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From the Publisher"Masterful. . . . Powerfully argued and deeply researched."
— Journal of Contemporary History
"Thoroughly researched, deeply grounded in archival collections, iconography, and secondary literature, and wonderfully illustrated with telling advertising imagery."
— Register of the Kentucky Historical Society
"McGovern's long awaited book rewards our patience as scholars with its exemplary study of how we lost our patience as a polity of consumers."
— American Historical Review
"A finely wrought, lavishly illustrated volume. . . . Highly recommended."
"The latest addition to the important new literature on the political economy of consumer capitalism. . . . Represents a sturdy contribution to our thinking about what is arguably the most important question in contemporary American history."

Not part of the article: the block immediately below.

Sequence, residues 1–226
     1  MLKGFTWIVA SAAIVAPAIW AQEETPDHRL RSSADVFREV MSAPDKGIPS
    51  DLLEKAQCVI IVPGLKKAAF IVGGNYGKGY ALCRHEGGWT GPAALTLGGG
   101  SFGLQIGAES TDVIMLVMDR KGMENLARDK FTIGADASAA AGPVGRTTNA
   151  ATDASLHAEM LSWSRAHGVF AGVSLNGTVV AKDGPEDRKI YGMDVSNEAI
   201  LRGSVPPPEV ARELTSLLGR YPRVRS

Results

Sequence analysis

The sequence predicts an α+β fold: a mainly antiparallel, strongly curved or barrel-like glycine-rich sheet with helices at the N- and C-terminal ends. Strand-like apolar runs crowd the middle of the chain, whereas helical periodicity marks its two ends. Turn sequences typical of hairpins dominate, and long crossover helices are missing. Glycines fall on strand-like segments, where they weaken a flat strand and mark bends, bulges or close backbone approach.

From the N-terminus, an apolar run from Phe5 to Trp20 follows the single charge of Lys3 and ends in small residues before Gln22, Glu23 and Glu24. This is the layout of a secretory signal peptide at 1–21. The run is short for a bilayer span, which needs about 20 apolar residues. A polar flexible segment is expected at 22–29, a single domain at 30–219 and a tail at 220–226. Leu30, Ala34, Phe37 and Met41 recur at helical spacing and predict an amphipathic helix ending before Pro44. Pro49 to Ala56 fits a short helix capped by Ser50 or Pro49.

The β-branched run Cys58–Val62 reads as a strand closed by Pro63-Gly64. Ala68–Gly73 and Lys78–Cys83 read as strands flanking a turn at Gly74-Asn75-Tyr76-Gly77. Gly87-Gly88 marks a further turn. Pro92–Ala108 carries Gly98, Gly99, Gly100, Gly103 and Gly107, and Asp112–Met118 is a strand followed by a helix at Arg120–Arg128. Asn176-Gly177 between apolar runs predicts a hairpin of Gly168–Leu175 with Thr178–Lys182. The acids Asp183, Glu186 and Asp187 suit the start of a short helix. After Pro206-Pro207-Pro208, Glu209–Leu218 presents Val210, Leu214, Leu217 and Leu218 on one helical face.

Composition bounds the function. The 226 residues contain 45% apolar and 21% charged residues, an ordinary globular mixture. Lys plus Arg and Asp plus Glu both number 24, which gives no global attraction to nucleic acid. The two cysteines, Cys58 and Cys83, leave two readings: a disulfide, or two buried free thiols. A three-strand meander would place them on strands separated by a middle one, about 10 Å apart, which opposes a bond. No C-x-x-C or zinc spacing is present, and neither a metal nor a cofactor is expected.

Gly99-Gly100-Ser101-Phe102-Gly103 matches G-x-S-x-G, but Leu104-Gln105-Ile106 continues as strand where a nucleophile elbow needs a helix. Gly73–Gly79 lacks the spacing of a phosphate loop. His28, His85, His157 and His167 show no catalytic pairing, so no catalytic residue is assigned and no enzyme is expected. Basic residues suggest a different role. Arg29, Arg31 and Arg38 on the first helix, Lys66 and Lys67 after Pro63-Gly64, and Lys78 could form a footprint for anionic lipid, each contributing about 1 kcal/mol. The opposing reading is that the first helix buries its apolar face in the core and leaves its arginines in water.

— Indiana Magazine of History
"Provides a welcome addition to the canon of works on mass and consumer culture. . . . A meticulous analysis into the participation of two groups of people that have been instrumental in shaping the relationships between consumers. . . . Promises to provide fertile ground for discussion."
— Winterthur Portfolio
"Particularly valuable in that McGovern argues persuasively."
— American Journalism
"This is a wonderful book, brilliantly researched and elegantly written.
George Lipsitz, University of California, Santa Barbara"
"A fascinating intellectual journey. . . . a compelling story of American citizenship.
Jean-Christophe Agnew, Yale University"